I met upon a narrow way, Dead weary from his toil, A fellow warped and gnarled and grey, Who reeked of sweat and soil. His rags were readyful to rot, His eyes were dreary dim; Yet . . . yet I had the humble thought To raise my hat to him.
For thinks I: It's the likes of him That makes the likes of me; With horny hand and lagging limb He slaves to keep me free; That I may have a golden time, And praise the Lord on high, Life grinds into the bloody grime A better man than I.
Yet if in sheer humility I yield this yokel place, Will he not think it mockery And spit into my face, Saying: "How can you care a damn, As now my way you bar, When it's because of what I am, You, Sir, are what you are?"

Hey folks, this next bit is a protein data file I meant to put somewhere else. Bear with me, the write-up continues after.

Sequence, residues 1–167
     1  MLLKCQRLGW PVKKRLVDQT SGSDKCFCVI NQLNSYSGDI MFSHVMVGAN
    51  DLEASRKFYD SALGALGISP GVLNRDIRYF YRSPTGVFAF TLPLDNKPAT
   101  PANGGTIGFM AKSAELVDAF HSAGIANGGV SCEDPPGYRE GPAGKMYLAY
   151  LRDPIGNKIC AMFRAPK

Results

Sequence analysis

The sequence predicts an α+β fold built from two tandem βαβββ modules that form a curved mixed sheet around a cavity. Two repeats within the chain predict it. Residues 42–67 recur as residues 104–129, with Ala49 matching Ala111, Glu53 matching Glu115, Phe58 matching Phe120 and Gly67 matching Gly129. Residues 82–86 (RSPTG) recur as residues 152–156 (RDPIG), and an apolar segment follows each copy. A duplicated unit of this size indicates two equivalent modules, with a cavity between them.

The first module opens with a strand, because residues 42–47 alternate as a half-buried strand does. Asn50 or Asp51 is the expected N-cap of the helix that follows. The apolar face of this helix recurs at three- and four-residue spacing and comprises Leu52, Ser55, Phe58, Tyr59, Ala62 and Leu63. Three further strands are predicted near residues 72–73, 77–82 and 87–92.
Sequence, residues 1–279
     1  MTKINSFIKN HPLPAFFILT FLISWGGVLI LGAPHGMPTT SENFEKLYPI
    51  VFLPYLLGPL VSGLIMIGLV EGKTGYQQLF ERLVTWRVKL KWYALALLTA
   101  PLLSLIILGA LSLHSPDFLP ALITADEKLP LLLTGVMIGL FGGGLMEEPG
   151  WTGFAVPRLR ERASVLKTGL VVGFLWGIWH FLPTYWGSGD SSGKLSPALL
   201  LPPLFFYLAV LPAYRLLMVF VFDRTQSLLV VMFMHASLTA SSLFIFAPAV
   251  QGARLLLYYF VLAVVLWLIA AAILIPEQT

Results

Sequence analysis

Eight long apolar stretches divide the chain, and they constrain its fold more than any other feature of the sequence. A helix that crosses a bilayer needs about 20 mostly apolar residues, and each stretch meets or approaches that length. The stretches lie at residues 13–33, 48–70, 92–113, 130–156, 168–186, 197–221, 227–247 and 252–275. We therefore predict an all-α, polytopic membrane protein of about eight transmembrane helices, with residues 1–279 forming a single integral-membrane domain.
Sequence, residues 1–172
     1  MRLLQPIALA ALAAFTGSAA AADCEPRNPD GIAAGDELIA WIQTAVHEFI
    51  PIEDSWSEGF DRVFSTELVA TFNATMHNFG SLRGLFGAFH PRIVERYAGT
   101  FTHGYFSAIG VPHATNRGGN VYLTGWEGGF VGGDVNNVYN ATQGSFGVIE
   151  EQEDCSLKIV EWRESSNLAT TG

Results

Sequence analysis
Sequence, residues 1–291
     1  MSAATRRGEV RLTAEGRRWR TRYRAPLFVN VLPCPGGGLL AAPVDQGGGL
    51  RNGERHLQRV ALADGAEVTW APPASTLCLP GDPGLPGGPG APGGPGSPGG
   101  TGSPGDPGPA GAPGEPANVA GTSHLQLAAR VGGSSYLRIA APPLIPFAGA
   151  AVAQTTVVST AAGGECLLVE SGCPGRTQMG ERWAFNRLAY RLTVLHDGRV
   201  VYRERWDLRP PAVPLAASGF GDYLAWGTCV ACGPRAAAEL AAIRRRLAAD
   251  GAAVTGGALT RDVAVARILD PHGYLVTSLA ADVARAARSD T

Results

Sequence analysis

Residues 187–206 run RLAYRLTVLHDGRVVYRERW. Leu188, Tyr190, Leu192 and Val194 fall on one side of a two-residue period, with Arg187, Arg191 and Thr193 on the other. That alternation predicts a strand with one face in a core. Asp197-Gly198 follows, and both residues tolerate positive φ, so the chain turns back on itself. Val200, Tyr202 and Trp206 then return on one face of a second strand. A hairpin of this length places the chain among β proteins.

But no, he did not speak like that, Nor homage did I pay; I did not lift my bowler hat To greet his common clay; Instead, he made me feel an ass, As most respectfully He stepped aside to let me pass, And raised his cap to ME.